So how can a company persuade the organization to incorporate prescriptive analytics into their decision-making process – especially when recommendations go against their gut instincts? In our experience, most companies need to start small and gather success stories.

For example, if a manager wanted to consider the impact of cutting the “long tail” of SKUs in a category, the prescriptive analytics algorithm might recommend keeping certain low-selling specialty products on the shelves because they attract some of the best shoppers, and that taking them off the shelves might cut profits in other parts of the store – something the manager might not be able to anticipate on her own.

In our experience, when managers accept recommendations that go against their gut feeling and quickly see clear improvements in metrics such as basket size and same-store sales, they become the champions of prescriptive analytics tools that an organisation needs to accelerate the transformation – they tend to have more influence over their peers than data scientists.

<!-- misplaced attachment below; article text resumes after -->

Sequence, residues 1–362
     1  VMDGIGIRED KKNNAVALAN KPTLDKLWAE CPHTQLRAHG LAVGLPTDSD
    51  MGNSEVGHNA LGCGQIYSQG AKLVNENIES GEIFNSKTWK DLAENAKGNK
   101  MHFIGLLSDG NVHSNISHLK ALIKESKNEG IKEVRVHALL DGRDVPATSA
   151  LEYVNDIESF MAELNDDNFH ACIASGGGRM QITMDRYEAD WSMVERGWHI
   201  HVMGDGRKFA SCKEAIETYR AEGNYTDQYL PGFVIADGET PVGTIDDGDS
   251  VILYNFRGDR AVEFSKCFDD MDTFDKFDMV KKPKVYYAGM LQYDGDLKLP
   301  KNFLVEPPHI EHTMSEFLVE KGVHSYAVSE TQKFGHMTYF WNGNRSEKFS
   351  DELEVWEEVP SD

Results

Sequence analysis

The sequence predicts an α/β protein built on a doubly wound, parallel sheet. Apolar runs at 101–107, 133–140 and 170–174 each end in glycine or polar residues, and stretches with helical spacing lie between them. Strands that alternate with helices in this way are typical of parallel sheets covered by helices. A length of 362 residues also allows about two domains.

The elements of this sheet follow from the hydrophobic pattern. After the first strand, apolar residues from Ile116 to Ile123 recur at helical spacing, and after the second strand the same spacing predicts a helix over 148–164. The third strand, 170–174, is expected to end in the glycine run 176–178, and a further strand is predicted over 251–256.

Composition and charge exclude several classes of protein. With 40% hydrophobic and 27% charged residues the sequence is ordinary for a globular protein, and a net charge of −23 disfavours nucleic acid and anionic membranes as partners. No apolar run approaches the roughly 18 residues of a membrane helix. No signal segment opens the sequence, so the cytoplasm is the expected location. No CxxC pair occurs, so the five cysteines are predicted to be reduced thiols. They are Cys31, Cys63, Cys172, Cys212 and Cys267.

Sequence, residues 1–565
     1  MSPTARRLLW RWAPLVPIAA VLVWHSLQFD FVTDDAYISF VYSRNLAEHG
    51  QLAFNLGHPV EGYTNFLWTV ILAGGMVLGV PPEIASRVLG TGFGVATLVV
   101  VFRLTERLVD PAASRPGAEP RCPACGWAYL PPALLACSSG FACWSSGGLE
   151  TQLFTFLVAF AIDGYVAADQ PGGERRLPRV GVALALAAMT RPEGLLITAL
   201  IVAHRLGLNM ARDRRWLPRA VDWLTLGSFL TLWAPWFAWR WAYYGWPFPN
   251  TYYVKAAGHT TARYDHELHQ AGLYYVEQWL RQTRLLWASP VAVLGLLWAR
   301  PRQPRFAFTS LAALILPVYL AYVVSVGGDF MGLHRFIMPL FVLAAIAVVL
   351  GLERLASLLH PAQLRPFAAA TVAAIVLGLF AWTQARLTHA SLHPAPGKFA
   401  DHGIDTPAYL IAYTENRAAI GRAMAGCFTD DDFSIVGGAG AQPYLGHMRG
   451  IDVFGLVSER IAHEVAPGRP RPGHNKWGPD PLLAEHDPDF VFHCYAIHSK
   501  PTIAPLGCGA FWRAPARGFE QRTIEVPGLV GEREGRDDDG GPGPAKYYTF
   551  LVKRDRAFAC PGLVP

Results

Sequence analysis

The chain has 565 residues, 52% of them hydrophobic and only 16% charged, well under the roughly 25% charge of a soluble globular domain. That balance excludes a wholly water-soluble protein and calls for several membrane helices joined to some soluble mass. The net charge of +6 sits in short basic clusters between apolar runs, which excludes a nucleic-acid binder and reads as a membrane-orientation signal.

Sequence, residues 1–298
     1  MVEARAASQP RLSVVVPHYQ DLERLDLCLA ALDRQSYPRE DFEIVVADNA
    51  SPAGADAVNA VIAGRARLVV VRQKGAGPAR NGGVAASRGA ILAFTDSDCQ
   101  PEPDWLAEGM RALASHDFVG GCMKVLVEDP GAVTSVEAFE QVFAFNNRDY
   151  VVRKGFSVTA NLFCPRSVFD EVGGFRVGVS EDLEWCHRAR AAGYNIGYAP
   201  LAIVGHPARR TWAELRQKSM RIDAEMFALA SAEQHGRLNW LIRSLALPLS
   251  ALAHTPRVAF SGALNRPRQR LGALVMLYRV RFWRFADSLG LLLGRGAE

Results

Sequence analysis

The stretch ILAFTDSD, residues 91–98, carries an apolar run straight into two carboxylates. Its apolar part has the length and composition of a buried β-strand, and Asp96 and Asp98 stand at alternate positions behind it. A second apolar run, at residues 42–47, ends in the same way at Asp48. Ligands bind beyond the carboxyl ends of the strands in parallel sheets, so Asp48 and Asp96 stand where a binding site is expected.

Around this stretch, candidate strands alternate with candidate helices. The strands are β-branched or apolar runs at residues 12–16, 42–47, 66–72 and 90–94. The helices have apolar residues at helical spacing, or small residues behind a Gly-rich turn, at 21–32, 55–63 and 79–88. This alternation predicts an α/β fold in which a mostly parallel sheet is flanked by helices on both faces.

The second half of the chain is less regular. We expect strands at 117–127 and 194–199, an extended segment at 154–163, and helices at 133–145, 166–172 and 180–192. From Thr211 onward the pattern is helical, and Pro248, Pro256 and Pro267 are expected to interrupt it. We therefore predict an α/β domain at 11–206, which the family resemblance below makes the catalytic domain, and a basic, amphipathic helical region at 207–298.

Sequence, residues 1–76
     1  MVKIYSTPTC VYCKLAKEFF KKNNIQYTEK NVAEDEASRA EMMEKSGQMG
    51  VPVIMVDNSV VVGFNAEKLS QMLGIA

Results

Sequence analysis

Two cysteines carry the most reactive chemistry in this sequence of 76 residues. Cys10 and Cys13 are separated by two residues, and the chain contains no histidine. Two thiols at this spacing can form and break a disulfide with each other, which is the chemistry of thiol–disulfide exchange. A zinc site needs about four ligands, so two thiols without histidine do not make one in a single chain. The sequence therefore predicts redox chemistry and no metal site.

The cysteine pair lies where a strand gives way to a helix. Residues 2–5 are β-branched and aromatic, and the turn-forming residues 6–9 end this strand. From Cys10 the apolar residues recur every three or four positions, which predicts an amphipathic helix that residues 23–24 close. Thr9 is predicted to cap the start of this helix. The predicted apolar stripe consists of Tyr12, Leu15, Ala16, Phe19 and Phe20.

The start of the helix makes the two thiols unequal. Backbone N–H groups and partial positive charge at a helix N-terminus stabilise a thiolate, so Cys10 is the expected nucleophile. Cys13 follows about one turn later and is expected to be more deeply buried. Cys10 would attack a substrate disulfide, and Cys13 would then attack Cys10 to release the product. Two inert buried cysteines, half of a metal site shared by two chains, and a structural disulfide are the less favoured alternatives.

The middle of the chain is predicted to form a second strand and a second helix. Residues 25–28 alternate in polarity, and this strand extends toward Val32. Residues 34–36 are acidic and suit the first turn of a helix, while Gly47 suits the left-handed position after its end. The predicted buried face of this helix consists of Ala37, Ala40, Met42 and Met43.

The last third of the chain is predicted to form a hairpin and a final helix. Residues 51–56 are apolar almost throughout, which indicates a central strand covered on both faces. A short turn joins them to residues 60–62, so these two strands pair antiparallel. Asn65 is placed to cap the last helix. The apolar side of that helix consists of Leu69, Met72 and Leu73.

Making hundreds of small, steady improvements every week won’t require armies of analysts – the prescriptive systems are scalable because the rocket science is built in. The pioneers will grow their bottom lines and gain subtle but powerful competitive advantages, building customer loyalty and changing the nature of bricks-and-mortar retailing.

Prescriptive analytics is much more than software and data science – it’s a way to combine the strengths of humans and machines to make better, faster decisions. Using it to make significant performance improvements, therefore, requires organisational and mindset changes. But it does not need to be an overnight change, planned incremental steps in individual categories can help build confidence in the technology and lower the risks.  For adventurous retailers prepared to try something new, there is a real opportunity to impact the bottom line and “wow” customers.

Photo credit: leowolfert (Fotolia)